In Colombia, King Coal Is Dirty Business For Workers And The Environment

September 10, 2010

A horrific mine explosion, the latest in a long string of deadly accidents, has brought renewed attention to Colombia’s booming coal industry. A key energy source, coal not only fuels several of the country’s electricity plants; it also powers Colombia’s export-oriented economy as a whole. But as the recent disaster made all too clear, coal mining can be truly dirty business when it comes to human lives and the environment.

On the night of June 16, just days before Colombia’s runoff presidential election (see NotiSur, ?), a methane gas explosion ripped through an underground coal mine near the town of Amagá, located some 30 kilometers southeast of Medellín in the northern department of Antioquia. The blast killed at least 72 (recovery teams a still searching for victims’ bodies), making it the worst coal mine disaster since 1977, when 143 people died in the same town.

Sadly, neither of the two tragedies were isolated incidents. Last year nine people died in yet another Amagá coal mine disaster. A 2008 accident in Cucumbá took the lives of eight coal miners, while 32 perished from an explosion in February 2007, in the department of Norte de Santander. The list goes on.

Despite the frequency of such accidents, observers say Colombia’s many coal mines – particularly smaller, underground mines – operate without sufficient government oversight. The recent Amagá is a case in point. Mining Minister Hernan Martinez told reporters soon after the explosion that the mine, called San Fernando, lacked proper gas-detection devices and adequate ventilation. The safety shortcomings are all the more galling given that two years ago, a flood at the same privately-owned mine killed eight.

Worse yet is that the problem is grossly underreported, according to the Bogotá-based Centro Nacional Salud Ambiente y Trabajo (CENSAT), an environmental NGO. “For workers in these types of small and medium-sized mines, the situation is really quite critical,” said CENSAT’s Marta Rincón, a mining researcher. “Due to changes in the law, it’s now up to the municipalities to oversee the mines, but they just don’t have and experience and the knowhow to handle it.”

Powering Colombia And The World

Coal mining is huge business in Colombia, which according to the US Energy Information Administration (EIA) is Latin America’s top producer and boasts the region’s second largest reserves, just behind Brazil. The EIA reports that in taxes and royalties alone, the coal mining industry contributed more than US$1 billion to government coffers last year.

Some of that coal stays in Colombia, where it is used primarily in the electricity sector. Coal-burning thermoelectric plants represent some 5 % of the country’s total installed capacity of 13,400 megawatts (MW). Large-scale hydroelectric dams provide the lion’s share of that power (64 %) while natural-gas burning generators contribute 27 %.

More coal will be needed as Colombia looks to double its installed generating capacity in the next few years. Of the 13,545 MW worth of new facilities slated for construction before 2013, more electricity will actually come from coal (2,884 MW) than from natural gas (2,520 MW), Colombia’s Ministerio de Minas y Energía (MINMINAS) predicts.

Still, the vast majority of Colombia’s coal production goes to export, primarily to the US, Europe and Latin America, but increasingly to Asia as well. Between 2003 and 2007 alone, exports shot up more than 26 % in terms of volume. The industry has continued to grow since then, boasting an export total of 81 million short tons in 2008, according to the EIA, which now lists Colombia as the world’s fourth leading coal exporter after Australia (278 million short tons), Indonesia (228 short tons) and Russia (87 million short tons). A short ton is a unit of weight equal to 2,000 pounds (roughly 907 kilograms) – slightly less, therefore, than a metric ton (1,000 kilograms).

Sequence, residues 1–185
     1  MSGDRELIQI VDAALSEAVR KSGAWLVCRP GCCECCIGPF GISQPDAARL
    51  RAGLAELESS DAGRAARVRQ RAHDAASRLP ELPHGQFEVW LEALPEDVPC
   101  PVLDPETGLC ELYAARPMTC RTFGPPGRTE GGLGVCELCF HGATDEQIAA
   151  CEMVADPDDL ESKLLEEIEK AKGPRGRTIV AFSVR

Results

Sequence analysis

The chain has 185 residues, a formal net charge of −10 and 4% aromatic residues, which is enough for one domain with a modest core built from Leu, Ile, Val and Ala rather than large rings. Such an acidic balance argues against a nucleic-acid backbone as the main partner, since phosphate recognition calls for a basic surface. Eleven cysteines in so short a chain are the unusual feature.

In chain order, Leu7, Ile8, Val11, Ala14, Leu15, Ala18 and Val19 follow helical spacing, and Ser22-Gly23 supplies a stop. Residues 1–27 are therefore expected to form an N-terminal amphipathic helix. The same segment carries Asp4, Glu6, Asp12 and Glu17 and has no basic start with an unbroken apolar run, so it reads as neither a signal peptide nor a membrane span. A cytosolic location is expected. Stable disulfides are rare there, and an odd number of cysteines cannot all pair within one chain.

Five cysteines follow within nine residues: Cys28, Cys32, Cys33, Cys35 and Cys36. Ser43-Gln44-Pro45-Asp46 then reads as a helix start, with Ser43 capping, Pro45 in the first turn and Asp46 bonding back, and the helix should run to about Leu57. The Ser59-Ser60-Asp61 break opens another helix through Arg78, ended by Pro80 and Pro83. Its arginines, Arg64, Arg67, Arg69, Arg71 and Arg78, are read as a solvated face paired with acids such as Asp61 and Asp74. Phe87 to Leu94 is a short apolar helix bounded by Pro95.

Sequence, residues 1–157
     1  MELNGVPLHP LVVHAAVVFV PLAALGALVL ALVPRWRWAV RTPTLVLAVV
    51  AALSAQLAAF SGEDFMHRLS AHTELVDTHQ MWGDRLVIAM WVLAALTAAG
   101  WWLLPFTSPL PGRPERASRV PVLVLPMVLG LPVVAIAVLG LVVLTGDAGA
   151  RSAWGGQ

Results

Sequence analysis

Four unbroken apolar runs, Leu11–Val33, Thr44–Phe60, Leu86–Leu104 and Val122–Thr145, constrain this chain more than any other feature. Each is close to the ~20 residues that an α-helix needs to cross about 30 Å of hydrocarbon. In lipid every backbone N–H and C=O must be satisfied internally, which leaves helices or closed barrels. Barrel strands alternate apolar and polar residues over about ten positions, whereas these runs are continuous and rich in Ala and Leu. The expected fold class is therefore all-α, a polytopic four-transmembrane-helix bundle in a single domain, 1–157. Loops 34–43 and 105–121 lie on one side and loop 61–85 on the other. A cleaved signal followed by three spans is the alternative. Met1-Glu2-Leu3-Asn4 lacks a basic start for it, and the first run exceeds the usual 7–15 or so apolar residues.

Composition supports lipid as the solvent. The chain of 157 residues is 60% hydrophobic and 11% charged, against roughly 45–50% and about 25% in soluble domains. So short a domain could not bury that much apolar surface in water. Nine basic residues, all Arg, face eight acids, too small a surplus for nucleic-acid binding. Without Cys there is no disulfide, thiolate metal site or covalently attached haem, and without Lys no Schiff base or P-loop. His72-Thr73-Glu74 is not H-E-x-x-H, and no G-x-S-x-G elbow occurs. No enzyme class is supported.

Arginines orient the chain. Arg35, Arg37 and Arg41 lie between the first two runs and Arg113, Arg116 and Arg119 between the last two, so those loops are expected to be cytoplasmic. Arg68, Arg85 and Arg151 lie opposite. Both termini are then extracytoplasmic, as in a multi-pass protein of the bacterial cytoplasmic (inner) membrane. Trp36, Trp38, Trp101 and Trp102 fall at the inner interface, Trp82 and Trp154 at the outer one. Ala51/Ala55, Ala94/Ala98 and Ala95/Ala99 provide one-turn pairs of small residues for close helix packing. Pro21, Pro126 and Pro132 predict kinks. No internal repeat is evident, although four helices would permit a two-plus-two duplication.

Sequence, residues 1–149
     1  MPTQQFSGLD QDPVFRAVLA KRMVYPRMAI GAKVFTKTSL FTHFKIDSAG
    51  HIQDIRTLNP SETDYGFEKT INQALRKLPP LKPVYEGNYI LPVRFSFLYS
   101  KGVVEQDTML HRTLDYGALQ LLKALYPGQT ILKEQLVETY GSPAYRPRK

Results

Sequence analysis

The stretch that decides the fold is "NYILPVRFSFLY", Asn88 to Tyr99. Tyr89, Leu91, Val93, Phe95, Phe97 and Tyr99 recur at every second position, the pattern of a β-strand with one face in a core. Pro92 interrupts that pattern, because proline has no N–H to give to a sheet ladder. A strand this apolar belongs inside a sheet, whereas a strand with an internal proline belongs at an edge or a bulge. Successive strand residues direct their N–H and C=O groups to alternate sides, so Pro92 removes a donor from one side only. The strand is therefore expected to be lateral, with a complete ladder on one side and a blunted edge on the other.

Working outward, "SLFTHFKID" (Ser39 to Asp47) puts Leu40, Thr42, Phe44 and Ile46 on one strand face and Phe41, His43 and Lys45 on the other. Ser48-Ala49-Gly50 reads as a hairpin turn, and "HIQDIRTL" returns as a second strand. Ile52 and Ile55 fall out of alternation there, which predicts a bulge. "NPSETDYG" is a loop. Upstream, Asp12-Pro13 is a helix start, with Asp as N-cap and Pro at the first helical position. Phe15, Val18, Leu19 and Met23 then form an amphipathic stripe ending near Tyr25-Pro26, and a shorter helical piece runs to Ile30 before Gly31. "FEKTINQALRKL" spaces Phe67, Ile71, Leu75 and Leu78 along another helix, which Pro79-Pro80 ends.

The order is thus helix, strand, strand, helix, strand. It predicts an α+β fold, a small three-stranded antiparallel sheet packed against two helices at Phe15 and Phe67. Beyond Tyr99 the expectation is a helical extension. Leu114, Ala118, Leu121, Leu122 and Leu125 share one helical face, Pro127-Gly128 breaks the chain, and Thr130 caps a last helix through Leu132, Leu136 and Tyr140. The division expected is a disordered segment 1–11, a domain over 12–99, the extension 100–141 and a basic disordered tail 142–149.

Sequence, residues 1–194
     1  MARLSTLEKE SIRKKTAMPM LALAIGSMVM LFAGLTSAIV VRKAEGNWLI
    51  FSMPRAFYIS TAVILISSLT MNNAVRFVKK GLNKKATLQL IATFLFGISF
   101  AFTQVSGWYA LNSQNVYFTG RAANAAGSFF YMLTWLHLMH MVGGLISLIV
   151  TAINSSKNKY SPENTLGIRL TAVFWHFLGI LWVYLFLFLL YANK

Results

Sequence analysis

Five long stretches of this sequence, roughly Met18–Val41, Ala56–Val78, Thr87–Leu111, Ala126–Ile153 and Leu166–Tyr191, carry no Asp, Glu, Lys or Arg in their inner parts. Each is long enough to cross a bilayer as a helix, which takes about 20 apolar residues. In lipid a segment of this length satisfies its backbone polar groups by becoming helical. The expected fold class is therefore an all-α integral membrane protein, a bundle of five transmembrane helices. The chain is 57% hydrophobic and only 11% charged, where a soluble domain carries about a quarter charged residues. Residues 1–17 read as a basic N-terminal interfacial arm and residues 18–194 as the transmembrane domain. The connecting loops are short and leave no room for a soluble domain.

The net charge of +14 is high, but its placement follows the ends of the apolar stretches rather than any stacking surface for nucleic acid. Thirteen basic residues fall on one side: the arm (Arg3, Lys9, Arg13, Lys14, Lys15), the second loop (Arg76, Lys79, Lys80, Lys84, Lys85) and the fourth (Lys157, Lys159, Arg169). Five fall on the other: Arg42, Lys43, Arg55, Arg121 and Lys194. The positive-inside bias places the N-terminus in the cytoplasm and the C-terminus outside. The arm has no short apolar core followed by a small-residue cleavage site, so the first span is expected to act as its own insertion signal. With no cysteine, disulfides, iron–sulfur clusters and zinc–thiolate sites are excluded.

A favorite target of environmentalists, coal is widely seen as a dirty fuel and key culprit in the global warming phenomenon that should, therefore, be replaced by cleaner alternatives. But even with the global proliferation of so-called clean energy facilities, such as wind and solar farms, coal is and will no doubt continue to be a cornerstone of the world energy market.

In rapidly growing China, coal is responsible for roughly 68 % of electricity production. The US uses coal for about half its electricity production, while overall, some 40 % of the world’s electricity comes from coal. For Colombia, in other words, huge global demand means coal production is here to stay.

“Although at the end of 2007 and beginning of 2008, after the Bali [UN climate change] summit, the future of coal looked bleak because of environmental problems associated with its consumption, the coal market has been highly positive. The price of oil and environmental restrictions in Europe on uranium consumption have meant that [coal] is back to being a principal energy alternative,” MINMINAS wrote in a 2008 report.

Swallowing Everything In Its Path

Critics, however, say the burgeoning industry needs to be better regulated – and not just for the sake of its vulnerable workers. That regulation, furthermore, needs to include not only small underground mines, where most of the Colombia’s recent accidents have taken place, but also large, foreign-owned open-put mines, which account for the vast majority of overall production. Two mines alone, the Cerrejón project in Guajira department and the La Loma pit, near the Venezuelan border, together account for around two thirds of the country’s total production.